Martin’s Dejection

This post is titled “Martin’s Dejection.” It’s more about my elation.

Martin has been going through a biting phase. He has a mild oral fixation; he also grinds his teeth and thrusts his lower jaw forward. In the case of biting, if he finds himself with his mouth open and pressed against flesh, such as when I’ve picked him up and his head is on my shoulder, he exercises the oral fixation by tightening his jaws against what is conveniently before him—flesh. It’s more a crime of opportunity than malicious, or even particularly intentional, biting. Nevertheless, Adrian and I are keen to put a stop to the behavior, ASAP.

When he bites, typically I kneel, stand him before me, hold his face firmly, and say, “No biting. We never bite. Never.” Then I make him repeat, “No biting,” several times, apologize to me, and hug. This method has not been particularly effective, but I’ve been at a loss as to what else to do. The primary problem is that Martin is not yet good at reading faces, or judging the seriousness of a situation, so his reaction is to laugh, to cry from distress, or to look away and exit the situation by doing something cute. (Our RDI therapy is aimed, in part, at helping Martin read faces better.)

This evening I was getting Martin ready for his bath. As I completed one HANDLE exercise, Martin ended up with his face against my neck, and he bit. He was sitting on a changing table, at my eye level, so I left him there and started my usual admonition.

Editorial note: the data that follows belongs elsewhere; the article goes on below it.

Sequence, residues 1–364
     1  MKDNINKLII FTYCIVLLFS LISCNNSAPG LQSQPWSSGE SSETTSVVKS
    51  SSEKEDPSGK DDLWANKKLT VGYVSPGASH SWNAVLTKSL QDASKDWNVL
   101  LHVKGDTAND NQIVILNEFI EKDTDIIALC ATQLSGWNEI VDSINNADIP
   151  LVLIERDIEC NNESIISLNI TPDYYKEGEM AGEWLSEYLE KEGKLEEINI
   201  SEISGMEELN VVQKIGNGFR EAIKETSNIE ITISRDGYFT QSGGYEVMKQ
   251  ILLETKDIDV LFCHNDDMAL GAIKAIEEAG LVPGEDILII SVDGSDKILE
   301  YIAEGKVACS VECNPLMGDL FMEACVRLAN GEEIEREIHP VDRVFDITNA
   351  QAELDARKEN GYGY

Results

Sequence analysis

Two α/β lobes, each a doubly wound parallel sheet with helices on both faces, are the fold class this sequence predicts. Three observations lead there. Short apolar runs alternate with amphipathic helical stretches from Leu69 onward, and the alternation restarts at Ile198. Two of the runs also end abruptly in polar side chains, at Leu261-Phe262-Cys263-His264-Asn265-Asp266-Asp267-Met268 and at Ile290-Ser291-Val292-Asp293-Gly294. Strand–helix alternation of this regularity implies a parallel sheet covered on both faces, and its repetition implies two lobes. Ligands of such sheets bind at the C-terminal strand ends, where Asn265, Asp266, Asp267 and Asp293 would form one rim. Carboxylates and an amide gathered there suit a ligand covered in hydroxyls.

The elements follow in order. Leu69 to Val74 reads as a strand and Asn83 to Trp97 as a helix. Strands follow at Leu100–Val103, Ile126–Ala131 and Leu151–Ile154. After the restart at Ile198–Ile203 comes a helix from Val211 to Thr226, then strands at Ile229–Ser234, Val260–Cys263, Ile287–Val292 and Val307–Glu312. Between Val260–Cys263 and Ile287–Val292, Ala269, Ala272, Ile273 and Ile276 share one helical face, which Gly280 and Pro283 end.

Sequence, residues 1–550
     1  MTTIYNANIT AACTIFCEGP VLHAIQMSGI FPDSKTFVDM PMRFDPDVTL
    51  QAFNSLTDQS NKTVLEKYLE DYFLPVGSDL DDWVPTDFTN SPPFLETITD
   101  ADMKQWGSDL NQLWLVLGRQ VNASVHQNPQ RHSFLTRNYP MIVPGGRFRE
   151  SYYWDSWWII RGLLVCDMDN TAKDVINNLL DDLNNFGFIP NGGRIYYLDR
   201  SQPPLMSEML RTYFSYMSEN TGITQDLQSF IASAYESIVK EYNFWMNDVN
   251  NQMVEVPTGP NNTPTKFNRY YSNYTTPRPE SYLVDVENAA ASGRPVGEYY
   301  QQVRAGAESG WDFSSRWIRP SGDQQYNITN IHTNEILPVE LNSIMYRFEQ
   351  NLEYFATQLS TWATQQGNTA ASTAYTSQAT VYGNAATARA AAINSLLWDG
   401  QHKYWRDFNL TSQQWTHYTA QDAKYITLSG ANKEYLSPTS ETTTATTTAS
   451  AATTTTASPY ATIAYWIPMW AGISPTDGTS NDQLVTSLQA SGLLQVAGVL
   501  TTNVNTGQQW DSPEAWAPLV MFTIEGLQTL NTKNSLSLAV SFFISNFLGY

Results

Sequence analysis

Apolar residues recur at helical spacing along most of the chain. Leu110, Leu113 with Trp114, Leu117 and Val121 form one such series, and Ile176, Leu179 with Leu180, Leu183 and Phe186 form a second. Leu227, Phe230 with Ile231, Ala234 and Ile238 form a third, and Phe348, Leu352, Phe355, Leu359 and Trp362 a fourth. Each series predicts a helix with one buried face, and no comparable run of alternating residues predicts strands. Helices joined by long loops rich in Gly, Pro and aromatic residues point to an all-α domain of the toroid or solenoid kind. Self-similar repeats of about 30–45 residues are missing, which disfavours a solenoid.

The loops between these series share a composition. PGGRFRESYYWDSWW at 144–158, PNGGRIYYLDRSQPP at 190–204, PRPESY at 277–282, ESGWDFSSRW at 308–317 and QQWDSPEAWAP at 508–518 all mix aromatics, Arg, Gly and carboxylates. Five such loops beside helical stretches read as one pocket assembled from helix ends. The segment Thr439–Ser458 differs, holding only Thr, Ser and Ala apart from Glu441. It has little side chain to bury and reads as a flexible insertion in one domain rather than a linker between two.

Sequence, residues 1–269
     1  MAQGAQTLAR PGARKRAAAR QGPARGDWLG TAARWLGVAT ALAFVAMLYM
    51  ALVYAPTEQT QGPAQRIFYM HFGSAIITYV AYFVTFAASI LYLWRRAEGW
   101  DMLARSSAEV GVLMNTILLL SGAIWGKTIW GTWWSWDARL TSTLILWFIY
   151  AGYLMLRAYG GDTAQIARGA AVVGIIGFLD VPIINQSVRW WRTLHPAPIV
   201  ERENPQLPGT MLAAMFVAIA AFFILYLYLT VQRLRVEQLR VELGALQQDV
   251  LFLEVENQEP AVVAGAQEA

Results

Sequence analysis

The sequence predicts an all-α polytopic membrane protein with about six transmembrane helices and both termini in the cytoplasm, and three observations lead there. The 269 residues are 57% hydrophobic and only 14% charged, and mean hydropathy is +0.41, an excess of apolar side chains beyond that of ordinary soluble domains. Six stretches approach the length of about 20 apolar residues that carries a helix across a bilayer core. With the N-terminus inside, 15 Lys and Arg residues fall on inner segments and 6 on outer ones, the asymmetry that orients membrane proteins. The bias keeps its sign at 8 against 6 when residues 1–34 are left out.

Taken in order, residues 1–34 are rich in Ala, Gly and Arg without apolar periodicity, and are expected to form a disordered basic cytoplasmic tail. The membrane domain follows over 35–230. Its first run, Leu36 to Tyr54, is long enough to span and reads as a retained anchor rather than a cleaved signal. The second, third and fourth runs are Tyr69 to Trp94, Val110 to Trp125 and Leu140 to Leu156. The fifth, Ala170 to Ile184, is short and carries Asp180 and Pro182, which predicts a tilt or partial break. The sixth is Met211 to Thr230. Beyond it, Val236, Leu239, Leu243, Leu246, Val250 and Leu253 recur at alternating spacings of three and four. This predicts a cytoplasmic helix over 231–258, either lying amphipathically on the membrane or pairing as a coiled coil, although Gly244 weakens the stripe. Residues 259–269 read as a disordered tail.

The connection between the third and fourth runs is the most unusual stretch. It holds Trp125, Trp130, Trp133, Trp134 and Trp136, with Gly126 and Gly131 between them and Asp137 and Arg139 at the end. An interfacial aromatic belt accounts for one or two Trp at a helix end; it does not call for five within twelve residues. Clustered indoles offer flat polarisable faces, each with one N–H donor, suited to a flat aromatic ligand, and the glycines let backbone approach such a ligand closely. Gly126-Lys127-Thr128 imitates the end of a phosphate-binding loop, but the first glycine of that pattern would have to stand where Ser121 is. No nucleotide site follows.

After a few seconds, Adrian emerged from the bathroom, where he’d been preparing the bathtub. He brushed me aside, seized both of Martin’s wrists, lowered his voice and spoke very slowly, enunciating in a manner I’d never heard before: “Martin, look at me. You cannot bite Mommy. You cannot bite anyone.” Martin tried to smile and wiggle away, but Adrian stood his ground, holding Martin’s wrists. I remained behind Adrian, looking over his shoulder, with my arms crossed and wearing the most serious expression I have.

Martin looked from Adrian to me and back again. After several seconds he lost his smile. He stopped trying to free his wrists from Adrian’s grasp. Finally, a pure, unaffected look of dejection crossed his face. He didn’t cry, as he does instinctually against being restrained.  Nor did he protest. It was a new look for Martin. In that moment, it appears, Martin understood that he’d done wrong, and he felt bad about it. He seems to have experienced an emotion something like guilt, or sadness.

The moment passed. Martin said quietly, “Sorry, Mommy,” and allowed Adrian to take him to the bath.

His dejection was my elation. We may have turned another corner.

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One thought on “Martin’s Dejection

  1. Pingback: ASD Recovery Six-Month Review: Behavior | Finding My Kid

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